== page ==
As we learned more about how vaccination worked, we were able to develop better and safer vaccines much faster than before, such as viral vectored vaccines or mRNA vaccines. Shortly after the Covid-19 pandemic began, several vaccines were licensed to protect against infection, disease and death.
Unlike smallpox, the other human viruses we vaccinate against do still circulate in people across the globe. From these refuges, wild measles and polio can attempt to enter and spread in other countries from which they had been eradicated. Recently, detected by wastewater surveillance, poliovirus was spreading in the UK. However, in the UK these viruses have a harder time establishing themselves, due to the initially small number of infections, random nature of transmission and built-up immunity they encounter. This immunity has been generated through vaccination campaigns.
For measles at least, this is as close to herd immunity as we can get. For a virus like measles, virus herd immunity requires 95% of a population of people to have protective antibodies against the virus. However, although in the UK, for example, vaccination is free at the point of care and straightforward to access, not everyone gets vaccinated. Some people cannot get vaccinated and in some, the vaccines simply won’t work due to some deficiency in their immune system. Gaps in herd immunity can provide safe places for the viruses to circulate or for diseases and deaths to show up.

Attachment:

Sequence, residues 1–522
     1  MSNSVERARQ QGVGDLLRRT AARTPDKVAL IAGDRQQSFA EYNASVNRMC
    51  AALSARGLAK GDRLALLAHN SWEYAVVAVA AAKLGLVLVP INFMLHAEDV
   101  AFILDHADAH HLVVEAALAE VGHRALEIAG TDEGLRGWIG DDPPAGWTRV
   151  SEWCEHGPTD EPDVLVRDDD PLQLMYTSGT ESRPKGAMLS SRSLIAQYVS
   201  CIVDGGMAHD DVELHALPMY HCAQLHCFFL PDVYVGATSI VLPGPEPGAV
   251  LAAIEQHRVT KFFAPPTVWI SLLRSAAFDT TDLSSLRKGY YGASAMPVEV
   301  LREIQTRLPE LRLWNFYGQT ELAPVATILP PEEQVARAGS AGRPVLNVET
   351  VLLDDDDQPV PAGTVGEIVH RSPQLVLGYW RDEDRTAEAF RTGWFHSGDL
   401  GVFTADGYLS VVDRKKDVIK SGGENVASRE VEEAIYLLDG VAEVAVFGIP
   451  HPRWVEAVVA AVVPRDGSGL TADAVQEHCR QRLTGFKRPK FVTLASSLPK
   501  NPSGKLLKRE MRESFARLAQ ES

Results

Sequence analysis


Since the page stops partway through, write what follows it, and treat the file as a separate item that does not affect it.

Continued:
Thankfully, the UK closely monitors vaccination, and we know that the majority (>80%) of children get vaccinated against a range of diseases including measles, mumps and rubella. However, these numbers are not uniform across the geographical area, with London showing a 10% drop in vaccination rates on average, and Northern Ireland slightly lower than Wales or Scotland.
Additionally, rates are not uniform across time either, with most vaccines showing a slow but steady reduction in rates early 2010s (by a few percentage points). Critically, these values are already lower than the threshold for herd immunity and point to the potential for localised outbreaks to occur more frequently in the future.